Minnesota residents have the distinction of being one of the most heavily taxed among the 50 states and the District of Columbia.
How’s that possible?
Well, I think a piece in The Wall Street Journal describes it best: “The grand prize for self-abuse goes to Minnesota, which this year enacted a new 10 percent gift tax with a $1 million exemption. A gift tax is a levy on money given away while the giver is alive. This tax is in addition to Minnesota’s 16 percent estate tax. The new law is all the more punitive because it applies the 16 percent estate tax (6 percent on top of the earlier 10 percent gift tax) to any gift within three years of death.”
This is a tax on estates that the federal government already taxes at 40 percent for estates over $5 million.
In essence, this is a tax on money that has already been taxed by the federal and state governments. Double taxation.
So, our multi-millionaire governor (heir to Dayton’s department store fortune) knows, first hand what inheriting a lot of money is all about. I wonder what rate he paid when millions were left to him?
In The Wall Street Journal’s opinion, Dayton “knows a lot about inheriting wealth but not much about creating it.”
The argument against a death tax is strong. A study by economist Larry Summers, President Obama’s former chief economist, concluded that the death tax amounts to less than 2 percent of the federal revenue and “discourages lifetime savings.”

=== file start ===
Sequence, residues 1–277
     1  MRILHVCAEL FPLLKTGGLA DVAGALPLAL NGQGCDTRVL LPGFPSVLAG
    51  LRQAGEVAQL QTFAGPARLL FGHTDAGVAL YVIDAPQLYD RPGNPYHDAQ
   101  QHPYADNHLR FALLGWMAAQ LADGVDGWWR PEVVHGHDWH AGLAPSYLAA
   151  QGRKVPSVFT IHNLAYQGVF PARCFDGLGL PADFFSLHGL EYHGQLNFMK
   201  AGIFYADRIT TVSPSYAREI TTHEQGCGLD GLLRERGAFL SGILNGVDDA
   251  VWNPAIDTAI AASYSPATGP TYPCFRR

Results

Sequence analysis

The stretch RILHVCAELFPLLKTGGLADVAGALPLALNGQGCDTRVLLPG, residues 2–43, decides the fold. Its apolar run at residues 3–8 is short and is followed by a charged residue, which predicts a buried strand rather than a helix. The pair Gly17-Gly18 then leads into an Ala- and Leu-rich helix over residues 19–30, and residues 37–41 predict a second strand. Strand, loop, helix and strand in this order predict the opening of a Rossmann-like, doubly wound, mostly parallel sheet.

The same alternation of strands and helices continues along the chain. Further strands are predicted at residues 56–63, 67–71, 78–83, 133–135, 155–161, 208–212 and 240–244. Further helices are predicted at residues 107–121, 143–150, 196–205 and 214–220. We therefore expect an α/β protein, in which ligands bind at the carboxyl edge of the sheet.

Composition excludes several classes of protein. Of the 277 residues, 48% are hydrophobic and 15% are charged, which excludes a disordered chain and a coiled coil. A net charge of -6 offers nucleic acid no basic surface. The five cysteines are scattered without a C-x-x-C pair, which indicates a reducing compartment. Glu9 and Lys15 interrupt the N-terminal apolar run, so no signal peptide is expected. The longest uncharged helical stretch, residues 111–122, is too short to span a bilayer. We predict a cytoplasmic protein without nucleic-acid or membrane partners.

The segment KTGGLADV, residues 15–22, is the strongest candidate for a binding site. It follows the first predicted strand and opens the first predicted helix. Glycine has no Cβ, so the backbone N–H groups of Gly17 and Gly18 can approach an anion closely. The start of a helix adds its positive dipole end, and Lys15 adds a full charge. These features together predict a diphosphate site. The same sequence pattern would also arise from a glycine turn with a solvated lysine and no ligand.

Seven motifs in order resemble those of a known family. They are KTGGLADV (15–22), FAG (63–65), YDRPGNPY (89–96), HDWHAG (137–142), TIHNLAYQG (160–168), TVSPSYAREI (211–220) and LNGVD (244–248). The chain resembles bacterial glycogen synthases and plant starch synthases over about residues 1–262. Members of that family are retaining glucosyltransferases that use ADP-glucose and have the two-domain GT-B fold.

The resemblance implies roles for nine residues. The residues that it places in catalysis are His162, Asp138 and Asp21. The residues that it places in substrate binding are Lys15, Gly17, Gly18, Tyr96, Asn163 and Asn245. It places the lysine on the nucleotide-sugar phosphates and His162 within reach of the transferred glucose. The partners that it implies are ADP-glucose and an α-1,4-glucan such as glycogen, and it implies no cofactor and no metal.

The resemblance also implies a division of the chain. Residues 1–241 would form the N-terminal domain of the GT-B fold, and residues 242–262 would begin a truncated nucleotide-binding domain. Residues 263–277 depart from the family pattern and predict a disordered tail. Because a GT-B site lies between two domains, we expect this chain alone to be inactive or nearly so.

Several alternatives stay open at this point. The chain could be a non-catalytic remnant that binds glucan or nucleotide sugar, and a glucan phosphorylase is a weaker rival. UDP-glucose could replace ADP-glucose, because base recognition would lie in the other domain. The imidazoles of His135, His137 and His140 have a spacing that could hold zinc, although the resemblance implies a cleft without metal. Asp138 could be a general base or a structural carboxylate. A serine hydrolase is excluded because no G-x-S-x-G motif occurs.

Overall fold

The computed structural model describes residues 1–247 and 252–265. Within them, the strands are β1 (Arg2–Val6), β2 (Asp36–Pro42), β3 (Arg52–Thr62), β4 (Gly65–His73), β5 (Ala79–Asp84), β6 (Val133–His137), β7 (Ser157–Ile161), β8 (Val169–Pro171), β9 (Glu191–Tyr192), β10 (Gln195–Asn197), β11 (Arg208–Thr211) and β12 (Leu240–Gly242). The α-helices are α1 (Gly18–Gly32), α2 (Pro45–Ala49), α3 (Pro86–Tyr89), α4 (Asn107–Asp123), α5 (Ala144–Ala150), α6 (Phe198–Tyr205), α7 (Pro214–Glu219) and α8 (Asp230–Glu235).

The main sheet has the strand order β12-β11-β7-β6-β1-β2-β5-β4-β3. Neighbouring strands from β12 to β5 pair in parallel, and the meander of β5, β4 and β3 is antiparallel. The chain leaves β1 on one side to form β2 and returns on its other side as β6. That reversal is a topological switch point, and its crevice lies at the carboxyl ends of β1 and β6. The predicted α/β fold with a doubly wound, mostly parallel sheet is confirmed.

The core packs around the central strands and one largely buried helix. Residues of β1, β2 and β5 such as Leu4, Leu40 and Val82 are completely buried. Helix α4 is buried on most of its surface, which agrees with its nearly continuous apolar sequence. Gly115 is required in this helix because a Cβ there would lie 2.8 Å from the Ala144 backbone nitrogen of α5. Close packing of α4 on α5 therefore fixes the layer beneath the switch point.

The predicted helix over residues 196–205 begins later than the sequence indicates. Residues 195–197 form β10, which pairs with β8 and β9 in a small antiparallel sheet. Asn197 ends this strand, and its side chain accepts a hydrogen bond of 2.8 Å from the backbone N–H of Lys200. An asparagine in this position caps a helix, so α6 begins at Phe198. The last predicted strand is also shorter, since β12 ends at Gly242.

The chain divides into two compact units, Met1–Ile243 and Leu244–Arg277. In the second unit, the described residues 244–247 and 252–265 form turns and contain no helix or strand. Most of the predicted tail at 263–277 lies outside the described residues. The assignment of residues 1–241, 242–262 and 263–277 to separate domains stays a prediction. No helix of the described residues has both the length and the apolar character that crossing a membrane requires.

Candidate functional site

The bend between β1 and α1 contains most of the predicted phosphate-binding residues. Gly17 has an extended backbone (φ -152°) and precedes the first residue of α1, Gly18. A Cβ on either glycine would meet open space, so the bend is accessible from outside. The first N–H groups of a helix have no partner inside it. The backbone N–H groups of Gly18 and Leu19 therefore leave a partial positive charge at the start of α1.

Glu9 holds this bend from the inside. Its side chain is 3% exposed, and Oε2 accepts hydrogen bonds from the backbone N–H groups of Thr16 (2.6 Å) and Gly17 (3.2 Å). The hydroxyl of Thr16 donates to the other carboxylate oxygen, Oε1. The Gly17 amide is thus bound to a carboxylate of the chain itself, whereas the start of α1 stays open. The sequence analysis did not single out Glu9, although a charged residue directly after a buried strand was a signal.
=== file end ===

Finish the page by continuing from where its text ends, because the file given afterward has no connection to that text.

Summers concluded that successful people who have accumulated wealth through investing and building businesses save money in their later years to leave to their heirs as a legacy. If taxes are raised on those who create wealth, the incentive to do so will be less and reduce the tax revenue anticipated by states like Minnesota who’ve calculated income from such taxes.
So what happens when a wealth creator is hit with more taxes in Minnesota? He or she moves to Florida, Texas or other states that have no desire to double tax their wealth. That in effect, pulls money and wealth from the state. According to The Center for the American Experiment, nearly $3 billion of income has been lost to the state because Minnesotans opted to move to Florida and Arizona. This, ultimately, will lead to a net loss of revenue for the state. That’s just not a smart move on the part of the tax-heavy state government.